Each participating team was tasked to prepare Filipino dishes from a mystery basket filled with leafy vegetables such as pechay, spinach, camote tops, bitter gourd leaves, string bean leaves, chili pepper leaves, and upland water spinach.

To support the Institute's campaign on brown rice awareness, contestants were required to prepare a green leafy dish-brown rice pairing in the main dish category.Students from the Central Luzon State University won three awards. Incoming second year Food Technology students Camilla Patrice Villar and Jamm Joseph Aquino were declared grand winners and received the Best in Appetizer award for their Banana Veggie dish.
“Just cook with your heart, use your imagination, and take risks when necessary. The result will be the best Filipino dishes,” Villar advised to her fellow culinary enthusiasts.  Robert Cauilan and Thea Diamzon from the same university received the Best in Main Dish award for their Squash Surprise. Adrian Banasihan and Kevin Cayanga of La Fortuna College took home the Best Dessert award for their Kangkong Jam.Each dish was assessed based on taste and nutritional value (40%), visual appeal (30%), originality and creativity (20%), and overall presentation (10%).
The cooking contest was led by the Rice Chemistry and Food Science Division (RCFSD) and conducted through the Intensified Rice-Based Agri-Bio Systems (IRBAS) program of PhilRice.Rosaly Manaois, head of RCFSD, said that the activity is part of the IRBAS’s study on the development and marketing of rice-based food products, which she also leads.“Green leafy vegetables grown in rice-based farms are packed with vitamins, minerals, and phytonutrients. However, they are unpopular and intake of Filipinos is low. Hence, preparation of more palatable and low-cost green leafy dishes would help us promote them,” Manois said.The RCFSD team is also planning to prepare a techno-bulletin of the vegetable recipes for distribution to the stakeholders in various Palayamanan sites of PhilRice.
To cap off the month-long celebration, the RCFSD organized an outreach and feeding program, July 28. Around 270 students of Mangandingay Elementary School in Muñoz, Nueva Ecija participated in the said event.The RCFSD staff served brown rice arroz caldo to the students and donated Be Riceponsible campaign materials, and some vegetable seeds and fruit seedlings that students can cultivate at home.
“We aim to create greater awareness among the students on the importance of nutrition, encourage them to be riceponsible, and help the school establish a fruit and vegetable garden,” said Henry Mamucod, outreach and feeding activity coordinator.The said activity was sponsored by the PhilRice Health and Wellness Program, Gender Awareness Development Initiative Program, Be Riceponsible campaign, and PhilRice Employees’ Multipurpose Cooperative (PEMCO).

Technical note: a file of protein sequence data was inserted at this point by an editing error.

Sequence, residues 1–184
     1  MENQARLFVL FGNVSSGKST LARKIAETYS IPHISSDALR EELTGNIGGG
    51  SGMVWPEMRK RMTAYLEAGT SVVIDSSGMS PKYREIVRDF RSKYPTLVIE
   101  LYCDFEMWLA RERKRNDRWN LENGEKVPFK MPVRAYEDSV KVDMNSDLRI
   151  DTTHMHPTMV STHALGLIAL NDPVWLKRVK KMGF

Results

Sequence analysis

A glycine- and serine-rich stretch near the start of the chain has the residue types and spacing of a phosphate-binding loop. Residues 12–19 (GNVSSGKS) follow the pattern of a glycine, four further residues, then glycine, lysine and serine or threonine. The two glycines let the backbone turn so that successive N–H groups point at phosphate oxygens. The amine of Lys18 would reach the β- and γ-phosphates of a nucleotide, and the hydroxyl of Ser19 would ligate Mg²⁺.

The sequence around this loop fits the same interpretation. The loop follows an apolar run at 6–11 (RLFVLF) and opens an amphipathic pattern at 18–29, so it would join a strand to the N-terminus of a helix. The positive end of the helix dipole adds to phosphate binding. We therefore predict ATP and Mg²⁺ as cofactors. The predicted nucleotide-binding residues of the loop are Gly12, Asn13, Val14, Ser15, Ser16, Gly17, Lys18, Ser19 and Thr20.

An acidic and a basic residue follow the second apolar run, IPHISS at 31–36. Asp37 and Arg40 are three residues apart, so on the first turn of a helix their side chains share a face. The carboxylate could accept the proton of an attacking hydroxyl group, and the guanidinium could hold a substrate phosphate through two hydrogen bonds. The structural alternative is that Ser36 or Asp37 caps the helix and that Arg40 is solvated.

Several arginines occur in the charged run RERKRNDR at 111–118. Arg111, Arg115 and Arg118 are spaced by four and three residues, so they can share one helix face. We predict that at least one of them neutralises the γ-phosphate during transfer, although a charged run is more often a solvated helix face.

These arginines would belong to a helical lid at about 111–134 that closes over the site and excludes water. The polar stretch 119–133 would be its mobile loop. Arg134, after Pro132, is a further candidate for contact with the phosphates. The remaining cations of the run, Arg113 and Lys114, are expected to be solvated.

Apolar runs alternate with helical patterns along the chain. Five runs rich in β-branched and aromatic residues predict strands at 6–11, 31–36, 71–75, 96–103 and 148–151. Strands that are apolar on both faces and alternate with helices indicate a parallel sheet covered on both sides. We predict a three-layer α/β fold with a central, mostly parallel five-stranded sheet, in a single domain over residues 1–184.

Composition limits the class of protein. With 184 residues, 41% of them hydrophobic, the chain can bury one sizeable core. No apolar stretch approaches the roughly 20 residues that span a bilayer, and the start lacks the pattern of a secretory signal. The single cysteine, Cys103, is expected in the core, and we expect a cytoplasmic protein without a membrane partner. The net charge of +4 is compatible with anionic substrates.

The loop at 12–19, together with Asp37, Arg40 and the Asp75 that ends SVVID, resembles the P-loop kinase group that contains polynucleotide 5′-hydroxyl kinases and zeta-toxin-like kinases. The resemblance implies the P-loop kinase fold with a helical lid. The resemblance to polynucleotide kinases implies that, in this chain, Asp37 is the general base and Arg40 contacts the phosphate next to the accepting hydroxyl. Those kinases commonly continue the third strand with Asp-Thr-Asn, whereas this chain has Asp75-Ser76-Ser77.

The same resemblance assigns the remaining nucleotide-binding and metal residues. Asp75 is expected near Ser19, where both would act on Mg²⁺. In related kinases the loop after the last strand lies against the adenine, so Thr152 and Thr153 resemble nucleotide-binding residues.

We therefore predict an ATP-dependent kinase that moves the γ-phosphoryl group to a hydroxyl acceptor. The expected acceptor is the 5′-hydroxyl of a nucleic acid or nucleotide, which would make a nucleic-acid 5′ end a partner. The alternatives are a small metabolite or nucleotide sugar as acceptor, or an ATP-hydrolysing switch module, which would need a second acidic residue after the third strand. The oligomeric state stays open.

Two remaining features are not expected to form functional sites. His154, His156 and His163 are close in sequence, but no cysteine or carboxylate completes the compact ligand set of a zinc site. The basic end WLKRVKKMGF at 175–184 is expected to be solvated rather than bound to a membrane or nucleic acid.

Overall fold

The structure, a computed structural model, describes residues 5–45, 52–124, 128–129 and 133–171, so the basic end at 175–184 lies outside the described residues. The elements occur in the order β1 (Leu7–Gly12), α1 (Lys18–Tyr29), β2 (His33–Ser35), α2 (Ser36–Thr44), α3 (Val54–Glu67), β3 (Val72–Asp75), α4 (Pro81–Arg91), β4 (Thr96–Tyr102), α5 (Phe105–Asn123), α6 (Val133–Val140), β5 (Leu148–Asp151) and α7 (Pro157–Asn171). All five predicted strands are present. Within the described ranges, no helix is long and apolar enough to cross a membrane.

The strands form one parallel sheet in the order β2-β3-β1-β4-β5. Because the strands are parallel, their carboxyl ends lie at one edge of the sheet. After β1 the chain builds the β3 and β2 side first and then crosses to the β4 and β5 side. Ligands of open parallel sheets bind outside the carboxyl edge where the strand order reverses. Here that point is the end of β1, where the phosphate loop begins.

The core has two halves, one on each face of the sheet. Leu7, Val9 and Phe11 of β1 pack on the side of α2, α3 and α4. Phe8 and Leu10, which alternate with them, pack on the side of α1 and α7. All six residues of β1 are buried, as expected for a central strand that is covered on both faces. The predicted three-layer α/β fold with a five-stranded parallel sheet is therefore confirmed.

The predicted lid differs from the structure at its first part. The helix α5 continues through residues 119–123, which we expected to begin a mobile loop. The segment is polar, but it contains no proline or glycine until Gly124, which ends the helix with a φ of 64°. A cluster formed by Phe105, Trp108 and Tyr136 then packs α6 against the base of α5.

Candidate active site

Beverley Postma joins HarvestPlus as CEO

Beverley Postma
HarvestPlus has announced the appointment of Beverley Postma as its new CEO.
She succeeds Dr. Howarth Bouis, the founder of HarvestPlus and a 2016 World Food Prize laureate, the company said in a press release issued yesterday.
HarvestPlus, a joint venture created by International Food Policy Research Institute (IFPRI) and International Centre for Tropical Agriculture (CIAT) in 2003, improves nutrition and public health by developing and promoting biofortified food crops that are rich in vitamins and minerals.
HarvestPlus helped Bangladeshi breeders develop world's first biofortified zinc-enriched rice in 2013.
Since then under the support of HarvestPlus, five zinc biofortified rice varieties have been nationally released in Bangladesh with high yield and beneficial agronomic traits desired by farmers.
Out of which, four inbred varieties were released by Bangladesh Rice Research Institute (BRRI) and one hybrid variety by Bangabandhu Sheikh Mujibur Rahman Agricultural University (BSMRAU).Beverley Postma has 25 years of experience as a policy expert in international food systems, nutrition and food security.
She comes to HarvestPlus after six years as founder and executive director of Singapore-based Food Industry Asia (FIA), a non-profit regional platform tackling food security, nutrition and regulatory harmonisation.
On her joining HarvestPlus, Postma said: “I am honoured to join the team at HarvestPlus as it scales up its work to achieve the essential goal of reaching 1 billion people with biofortified food by 2030.”Originally from the UK, Postma is an avid underwater photographer, who holds a PhD and BSc (Hons) in marine biology from the University of Liverpool.
“We are extremely fortunate to have recruited Beverley Postma as the new CEO of HarvestPlus,” said Dr Shenggen Fan, director general of IFPRI.Dr. Ruben Echeverría, director general of CIAT, said: “Beverley's international experience and her familiarity with food issues, innovation and multi-stakeholder partnerships are important assets for HarvestPlus and the global biofortification movement.”
Approximately 20 million people in low-income farming households in 30 countries around the world are now growing and eating these nutritious staple foods, including cassava, maize and sweet potato enriched with vitamin A; beans and pearl millet enriched with iron; and rice and wheat enriched with zinc.
Testing of biofortified varieties is underway in an additional 25 countries.